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Like many areas of law, in customs valuation there are cases that represent so-called high and low water marks – cases that represent the extremes of possible outcomes, given a set of facts. Every once in a while, a case comes along that moves these marks around – often surprising practitioners. The recent case of Skechers USA Canada Inc. v. CBSA is one of those cases, and the decision of the Canadian International Trade Tribunal (the “CITT”) has caught the attention of many practitioners.

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The CRA's treatment of "bare trusts" has been problematic from the first days of the GST.

When the GST was first implemented in January 1991, the CRA was initially advising bare trustees of bare trusts (trusts that operating at the behest of their beneficiaries, and where the trustee has no independent authority other than following express directions of the beneficiaries) that it was the bare trustee that was viewed as the supplier for GST purposes, and the person required to register for GST purposes. This position was changed in mid-1992, when the CRA flipping its position, and now advising that bare trustees were not allowed to register, and that the beneficiaries of these bare trusts were the one's required to register.

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Directors often ask about creditor-proofing personal assets when facing a possible assessments for "Director's Liability" under Canada's income tax and GST legislation. That question usually follows the director's first understanding that the Canada Revenue Agency (CRA) has special powers in both the Income Tax Act (ITA) and the Excise Tax Act (ETA) to assess a director where a corporation leaves behind unpaid income tax or GST debts, and to realize on (seize) a director's personal assets (e.g,, homes, cottages, cars, monetary savings) to satisfy those debts. (These rules are more specifically found in section 227.1 of the ITA and section 323 of the ETA, and is almost identical.)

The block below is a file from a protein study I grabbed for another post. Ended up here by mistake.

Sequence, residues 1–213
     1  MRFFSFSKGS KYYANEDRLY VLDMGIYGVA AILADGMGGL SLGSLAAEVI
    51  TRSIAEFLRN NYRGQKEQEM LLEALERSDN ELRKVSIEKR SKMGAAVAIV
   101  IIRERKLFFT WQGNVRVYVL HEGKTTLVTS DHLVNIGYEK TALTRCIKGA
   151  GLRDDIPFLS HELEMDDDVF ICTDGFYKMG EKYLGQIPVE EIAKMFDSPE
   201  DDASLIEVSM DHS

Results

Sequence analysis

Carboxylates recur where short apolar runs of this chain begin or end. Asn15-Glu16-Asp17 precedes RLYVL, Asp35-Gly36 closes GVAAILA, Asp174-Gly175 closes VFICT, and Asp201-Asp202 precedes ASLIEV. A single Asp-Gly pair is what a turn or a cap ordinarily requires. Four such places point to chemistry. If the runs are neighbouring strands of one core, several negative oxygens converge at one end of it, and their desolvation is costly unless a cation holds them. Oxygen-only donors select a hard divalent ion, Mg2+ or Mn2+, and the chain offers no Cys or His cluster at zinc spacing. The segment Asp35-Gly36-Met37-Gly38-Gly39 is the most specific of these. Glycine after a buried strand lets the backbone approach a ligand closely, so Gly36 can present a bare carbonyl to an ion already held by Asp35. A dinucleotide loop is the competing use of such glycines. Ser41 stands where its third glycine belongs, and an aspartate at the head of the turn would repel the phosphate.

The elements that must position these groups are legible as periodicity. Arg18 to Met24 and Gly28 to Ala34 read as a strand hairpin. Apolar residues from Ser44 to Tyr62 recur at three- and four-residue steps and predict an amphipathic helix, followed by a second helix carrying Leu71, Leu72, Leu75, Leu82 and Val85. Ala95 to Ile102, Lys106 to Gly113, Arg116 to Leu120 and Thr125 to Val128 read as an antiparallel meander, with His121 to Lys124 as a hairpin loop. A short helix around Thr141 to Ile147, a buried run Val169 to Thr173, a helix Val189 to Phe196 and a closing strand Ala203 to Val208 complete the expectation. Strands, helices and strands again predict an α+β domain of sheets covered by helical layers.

Also surprising most directors are special rules in the ITA and ETA allowing the CRA to attack transfers of a director's personal assets to non-arm's-length parties (e.g. wives, children, siblings, parents, etc.) where the value paid by the relatives is less than the fair-market value of the property being transferred. (These rules are found in subsection 160(1) of the ITA and section 325 of the ETA, and are also fairly similar.)

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Canada's new "Anti-Spam" Legislation will come into effect on July 1, 2014 (for simplicity, Canada's "ASL").

While a step forward for Canada in this legislative area, a more pessimistic view of it might position it as largely ineffectual when it comes to removing spam from my inbox and your inbox (because it does not contain any real measures aimed at enforcement on foreign owned computer systems or internet providers where much of Canadian spam actually originates), and the spam that it does effectively remove (Canadian-based spam) seems to be at a huge cost to legitimate Canadian businesses that seek to market their legitimate products and services to Canadians in the digital market-place).